‘Passion to help people’ - Good Samaritan helps young and old sign up for COVID grants
Dorcia Dennis has been without a source of income since bars were ordered closed by the Government more than three weeks ago in a bid to contain the local spread of COVID-19.
But even though the liquor business isn’t in good spirits, Dennis would find renewed purpose last week when West Rural St Andrew Member of Parliament Juliet Cuthbert-Flynn enquired in a WhatsApp group if anyone had applied for the WE CARE Programme grants.
Dennis had successfully applied for the COVID-19 General Grant for bar and nightclub operators and immediately volunteered to offer her assistance to prospective beneficiaries.
Applications opened on April 9 and are aimed at providing a range of temporary benefits to individuals and businesses to help cushion the economic impact of the COVID-19 pandemic.
More than 100,000 Jamaicans applied for grants within the first day of the website’s launch.
On her verandah in Mount Airy, Golden Spring, is where the bulk of the work takes place using a single device – her smartphone.
Dennis also does home visits to the elderly and those with underlying medical conditions who are eligible for the compassionate grant.
She said many residents have expressed interest in applying but noted that they did not have access to a smartphone or the Internet.
“A lot of persons can’t read, or they don’t understand how to sign it up,” she added.
With the help of her partner, the 30-something provided sanitiser to the residents before they handed over documents to Dennis.
Dennis sports a mask and also cleanses her hands at intervals.
Subsequent to entering the relevant information online, she reads the declaration to each applicant, waits for their affirmation, and then asks for confirmation of the reference number on their phone.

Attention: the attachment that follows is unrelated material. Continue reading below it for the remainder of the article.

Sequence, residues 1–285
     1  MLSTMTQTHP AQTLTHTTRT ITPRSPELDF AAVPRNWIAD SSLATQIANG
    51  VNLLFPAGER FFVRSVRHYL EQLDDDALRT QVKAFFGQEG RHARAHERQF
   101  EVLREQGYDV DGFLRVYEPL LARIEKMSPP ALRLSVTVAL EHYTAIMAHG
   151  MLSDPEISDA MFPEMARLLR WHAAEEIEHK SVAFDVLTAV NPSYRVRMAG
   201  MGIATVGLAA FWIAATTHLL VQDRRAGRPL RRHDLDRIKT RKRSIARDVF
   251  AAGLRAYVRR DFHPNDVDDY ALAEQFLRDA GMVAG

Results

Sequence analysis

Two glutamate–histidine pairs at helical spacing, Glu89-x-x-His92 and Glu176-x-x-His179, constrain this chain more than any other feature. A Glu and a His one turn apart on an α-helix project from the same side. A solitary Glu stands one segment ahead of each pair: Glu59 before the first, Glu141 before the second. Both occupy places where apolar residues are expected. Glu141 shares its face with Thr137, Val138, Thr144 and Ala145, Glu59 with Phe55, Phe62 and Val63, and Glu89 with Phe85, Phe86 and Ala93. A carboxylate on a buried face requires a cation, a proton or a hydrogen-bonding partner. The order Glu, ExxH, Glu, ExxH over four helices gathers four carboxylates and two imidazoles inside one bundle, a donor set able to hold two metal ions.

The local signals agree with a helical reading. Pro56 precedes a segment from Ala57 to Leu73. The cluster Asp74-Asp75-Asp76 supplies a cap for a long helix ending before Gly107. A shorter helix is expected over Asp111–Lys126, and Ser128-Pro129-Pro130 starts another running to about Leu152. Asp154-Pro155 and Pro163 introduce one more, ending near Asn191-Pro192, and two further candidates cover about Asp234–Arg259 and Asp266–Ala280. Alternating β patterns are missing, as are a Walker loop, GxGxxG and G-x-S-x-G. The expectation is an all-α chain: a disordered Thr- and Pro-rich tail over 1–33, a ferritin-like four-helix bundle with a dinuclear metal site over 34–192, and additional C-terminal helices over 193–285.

The good Samaritan was also observed asking pertinent questions such as the applicant’s preferred payment method.
The only hiccup she has been facing is unstable Internet connectivity, but when that fails, she switches over to a data plan.
Word has been spreading and her help is stretching beyond the borders of the St Andrew West Rural community.
“I started on Saturday at about 1:30 p.m., and I did about 60 persons. Yesterday morning, I started at about 8:30 and I finished at 10:20 in the night, because for a lot of persons, I asked them to send the information to my phone instead of having so many people coming at once,” she told The Gleaner.
Seventy-four-year-old Hortense Falconer was one of the residents Dennis assisted on Monday.
“I’m in need of it to buy groceries and medication and put a little down just in case,” the elderly woman said.
Falconer was the operator of a variety store in Shortwood, St Andrew, but shuttered her doors six years ago because of limited sales and tough competition.
She explained that COVID-19 has worsened the impact of joblessness.
“I can’t even hear from my people dem abroad like how I should, and I don’t get any lickle change from them, and I know they would send something, but everybody is in the same position right now,” she said.
Falconer is looking forward to receiving the one-time payment of $10,000 in the coming weeks.
“I’m very appreciative of it, and who is in charge ... may God bless them and their efforts to help us,” Falconer said.
Dennis was a picture of fulfilment as she processed one applicant after the other.
“I’m feeling happy, and I just have a passion to help people,” she said.